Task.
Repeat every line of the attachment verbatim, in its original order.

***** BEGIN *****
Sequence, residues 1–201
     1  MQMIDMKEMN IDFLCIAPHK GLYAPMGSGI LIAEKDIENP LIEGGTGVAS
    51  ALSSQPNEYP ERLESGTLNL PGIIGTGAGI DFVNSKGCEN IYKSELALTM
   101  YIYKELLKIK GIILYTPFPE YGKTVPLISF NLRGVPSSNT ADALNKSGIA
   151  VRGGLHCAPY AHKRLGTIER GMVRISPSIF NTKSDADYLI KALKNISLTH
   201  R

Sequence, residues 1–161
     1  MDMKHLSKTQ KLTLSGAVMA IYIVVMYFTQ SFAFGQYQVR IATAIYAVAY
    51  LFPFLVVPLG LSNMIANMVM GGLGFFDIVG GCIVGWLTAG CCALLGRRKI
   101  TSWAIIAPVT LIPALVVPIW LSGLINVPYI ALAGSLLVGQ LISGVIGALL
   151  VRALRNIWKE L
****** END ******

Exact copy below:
Sequence, residues 1–201
     1  MQMIDMKEMN IDFLCIAPHK GLYAPMGSGI LIAEKDIENP LIEGGTGVAS
    51  ALSSQPNEYP ERLESGTLNL PGIIGTGAGI DFVNSKGCEN IYKSELALTM
   101  YIYKELLKIK GIILYTPFPE YGKTVPLISF NLRGVPSSNT ADALNKSGIA
   151  VRGGLHCAPY AHKRLGTIER GMVRISPSIF NTKSDADYLI KALKNISLTH
   201  R

Sequence, residues 1–161
     1  MDMKHLSKTQ KLTLSGAVMA IYIVVMYFTQ SFAFGQYQVR IATAIYAVAY
    51  LFPFLVVPLG LSNMIANMVM GGLGFFDIVG GCIVGWLTAG CCALLGRRKI
   101  TSWAIIAPVT LIPALVVPIW LSGLINVPYI ALAGSLLVGQ LISGVIGALL
   151  VRALRNIWKE L